Publication Date


Document Type


First Advisor

Farrell, Sean

Degree Name

Ph.D. (Doctor of Philosophy)

Legacy Department

Department of History


The late nineteenth century ushered in an era of global moral panic focusing on prostitution, venereal disease, and working-class female immigrants’ sexuality. By the early 1900s, European and American social reformers cooperated with national governments and immigration bureaus to stop “white slavery,” or the forced movement of white European and American women worldwide for purposes of commercial sex. This dissertation focuses on international trafficking in women and the ways in which accompanying moral panics developed from 1885 to 1915. It demonstrates how middle-class and nationalist assumptions about lower class sexuality, prostitution, and migration resulted in bourgeois social reform that influenced legislation on female sexuality in the United States, France, and Great Britain. While the specter of an organized traffic in women resulted in efforts to stop white slavery in these three countries, different aspects of the perceived crisis took precedence in national campaigns against trafficking that ultimately failed to address the root causes of sex trafficking. This dissertation places the national fights against white slavery in an international context to explain the differing ways in which early twentieth-century moral panics over sexuality developed, proliferated, and influenced national and international politics.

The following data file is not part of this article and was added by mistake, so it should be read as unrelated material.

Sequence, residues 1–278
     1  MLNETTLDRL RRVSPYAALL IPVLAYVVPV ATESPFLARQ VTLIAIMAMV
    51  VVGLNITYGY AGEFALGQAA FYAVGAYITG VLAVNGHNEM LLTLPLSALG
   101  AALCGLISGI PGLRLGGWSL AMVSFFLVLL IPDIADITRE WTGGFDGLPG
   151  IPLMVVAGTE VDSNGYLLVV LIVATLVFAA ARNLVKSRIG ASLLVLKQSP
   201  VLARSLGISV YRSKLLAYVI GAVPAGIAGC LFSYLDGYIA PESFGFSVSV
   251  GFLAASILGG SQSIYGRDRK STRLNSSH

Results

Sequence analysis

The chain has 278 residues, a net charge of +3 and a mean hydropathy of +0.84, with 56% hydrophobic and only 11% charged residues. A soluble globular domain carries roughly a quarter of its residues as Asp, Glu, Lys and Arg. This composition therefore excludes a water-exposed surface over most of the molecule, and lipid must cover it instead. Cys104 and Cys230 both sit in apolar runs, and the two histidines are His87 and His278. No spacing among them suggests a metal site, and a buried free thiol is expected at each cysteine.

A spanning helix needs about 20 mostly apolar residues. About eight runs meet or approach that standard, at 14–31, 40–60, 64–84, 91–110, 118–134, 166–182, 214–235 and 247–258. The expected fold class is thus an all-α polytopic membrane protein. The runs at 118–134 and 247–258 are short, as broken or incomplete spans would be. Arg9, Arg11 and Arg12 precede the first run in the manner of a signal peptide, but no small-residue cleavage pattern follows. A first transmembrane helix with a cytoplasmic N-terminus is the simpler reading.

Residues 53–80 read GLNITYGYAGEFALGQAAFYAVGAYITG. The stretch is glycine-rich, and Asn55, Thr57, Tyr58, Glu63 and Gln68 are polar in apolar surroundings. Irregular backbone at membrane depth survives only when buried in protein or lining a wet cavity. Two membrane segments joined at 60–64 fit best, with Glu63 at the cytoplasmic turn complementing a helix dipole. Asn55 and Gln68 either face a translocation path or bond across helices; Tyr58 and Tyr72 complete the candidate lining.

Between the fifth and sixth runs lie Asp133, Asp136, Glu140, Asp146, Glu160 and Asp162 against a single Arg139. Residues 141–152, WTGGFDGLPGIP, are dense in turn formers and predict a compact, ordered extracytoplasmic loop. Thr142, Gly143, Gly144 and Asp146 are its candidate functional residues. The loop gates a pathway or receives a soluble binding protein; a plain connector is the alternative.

230 pages




Northern Illinois University

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